Canadian farmland is C$ 660/acre currently compared to C$1,100/acre in 1981. Corn is US$ 5/bushel currently compared to US$16/bushel in 1974, and wheat is US$ 7/bushel currently compared to US$27/bushel in 1974 (Source: Agcapita Farmland Investment Partnership)
Canada is the third largest wheat exporter in the world and in aggregate one of the largest agricultural producers in the world. The three western Canadian provinces alone have approximately 135 million acres of farmland and produce approximately 20 million tons of wheat a year.
With an average price of $390 per acre, Saskatchewan farmland is some of the least expensive in the world. The prices in Alberta are almost 3 times higher than Saskatchewan at an average of $1,100.
Unlike investing in farmland in emerging markets such as Argentina, Brazil or Russia, Canadian farmland is supported by first world storage, processing, and shipping infrastructure. This infrastructure is extremely costly to reproduce.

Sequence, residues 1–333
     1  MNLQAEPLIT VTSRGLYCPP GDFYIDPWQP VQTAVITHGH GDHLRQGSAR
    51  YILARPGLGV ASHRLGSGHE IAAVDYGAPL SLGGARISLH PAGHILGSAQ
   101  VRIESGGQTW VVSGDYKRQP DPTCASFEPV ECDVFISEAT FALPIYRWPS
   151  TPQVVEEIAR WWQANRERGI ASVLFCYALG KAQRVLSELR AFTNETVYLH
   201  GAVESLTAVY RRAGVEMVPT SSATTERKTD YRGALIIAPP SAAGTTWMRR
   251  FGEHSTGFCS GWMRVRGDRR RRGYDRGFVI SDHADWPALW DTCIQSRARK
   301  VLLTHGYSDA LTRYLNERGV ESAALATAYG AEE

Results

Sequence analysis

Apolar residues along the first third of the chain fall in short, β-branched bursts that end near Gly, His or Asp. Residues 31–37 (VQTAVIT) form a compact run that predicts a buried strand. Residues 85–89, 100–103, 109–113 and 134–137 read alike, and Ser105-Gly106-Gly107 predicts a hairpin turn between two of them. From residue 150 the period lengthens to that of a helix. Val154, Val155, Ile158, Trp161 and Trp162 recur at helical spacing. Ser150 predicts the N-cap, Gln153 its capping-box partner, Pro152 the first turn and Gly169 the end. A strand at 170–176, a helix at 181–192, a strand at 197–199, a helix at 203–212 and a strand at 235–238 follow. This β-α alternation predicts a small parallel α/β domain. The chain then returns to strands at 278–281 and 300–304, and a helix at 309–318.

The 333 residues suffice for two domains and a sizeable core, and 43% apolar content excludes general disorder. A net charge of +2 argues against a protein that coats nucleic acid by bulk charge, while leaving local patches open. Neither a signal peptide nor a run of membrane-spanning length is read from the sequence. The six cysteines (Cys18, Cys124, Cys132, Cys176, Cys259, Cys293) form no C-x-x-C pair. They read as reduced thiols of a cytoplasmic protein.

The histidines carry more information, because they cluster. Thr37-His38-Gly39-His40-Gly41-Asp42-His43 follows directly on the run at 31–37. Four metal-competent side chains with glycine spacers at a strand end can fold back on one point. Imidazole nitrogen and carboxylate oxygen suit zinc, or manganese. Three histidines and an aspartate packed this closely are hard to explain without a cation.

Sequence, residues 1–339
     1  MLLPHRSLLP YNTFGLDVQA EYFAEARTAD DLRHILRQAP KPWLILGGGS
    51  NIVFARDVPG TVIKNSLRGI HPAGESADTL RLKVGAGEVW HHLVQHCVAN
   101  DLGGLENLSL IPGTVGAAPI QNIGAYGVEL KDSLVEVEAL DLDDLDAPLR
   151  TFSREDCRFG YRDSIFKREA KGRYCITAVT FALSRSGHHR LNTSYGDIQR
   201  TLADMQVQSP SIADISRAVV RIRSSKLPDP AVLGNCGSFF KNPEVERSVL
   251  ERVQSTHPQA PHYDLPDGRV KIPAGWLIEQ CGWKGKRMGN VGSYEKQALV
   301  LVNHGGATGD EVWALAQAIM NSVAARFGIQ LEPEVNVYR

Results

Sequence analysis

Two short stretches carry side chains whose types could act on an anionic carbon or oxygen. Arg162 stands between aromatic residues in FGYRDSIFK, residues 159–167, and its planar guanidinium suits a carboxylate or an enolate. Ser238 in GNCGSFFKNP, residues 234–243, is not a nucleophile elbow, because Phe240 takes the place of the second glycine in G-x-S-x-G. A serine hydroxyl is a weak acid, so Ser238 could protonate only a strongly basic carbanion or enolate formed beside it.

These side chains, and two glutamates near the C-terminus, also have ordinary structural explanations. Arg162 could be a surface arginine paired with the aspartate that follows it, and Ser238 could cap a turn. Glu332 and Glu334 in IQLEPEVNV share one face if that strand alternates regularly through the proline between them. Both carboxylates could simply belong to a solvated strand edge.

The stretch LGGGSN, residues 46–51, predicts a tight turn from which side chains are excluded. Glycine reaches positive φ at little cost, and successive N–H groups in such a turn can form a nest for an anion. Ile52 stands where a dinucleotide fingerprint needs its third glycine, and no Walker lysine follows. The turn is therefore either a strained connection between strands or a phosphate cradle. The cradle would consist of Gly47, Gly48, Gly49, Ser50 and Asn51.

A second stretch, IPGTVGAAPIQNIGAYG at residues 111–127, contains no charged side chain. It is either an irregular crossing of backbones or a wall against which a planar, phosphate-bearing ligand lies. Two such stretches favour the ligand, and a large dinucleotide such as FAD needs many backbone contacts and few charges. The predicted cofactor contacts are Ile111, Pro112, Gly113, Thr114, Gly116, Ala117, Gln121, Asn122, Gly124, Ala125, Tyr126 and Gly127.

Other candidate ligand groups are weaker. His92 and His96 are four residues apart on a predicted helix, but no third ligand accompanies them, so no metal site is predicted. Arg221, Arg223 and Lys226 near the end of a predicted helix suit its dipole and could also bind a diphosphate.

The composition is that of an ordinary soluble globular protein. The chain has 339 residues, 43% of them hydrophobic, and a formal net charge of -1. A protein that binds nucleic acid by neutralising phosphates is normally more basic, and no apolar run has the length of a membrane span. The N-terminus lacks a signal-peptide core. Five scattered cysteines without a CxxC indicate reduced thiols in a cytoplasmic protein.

Unlike emerging markets, Canada lacks significant political risk. Canadian farmland owners benefit from a transparent and enforceable title system with no material risk of de jure or, worse yet, de facto expropriation. See recent agriculture export tariffs in Argentina.
For an idea of the magnitude of the difference in the inflation adjusted returns from farmland versus stock and cash during a high inflation period – refer to the graph below which plots returns from those three asset classes during the 1970s.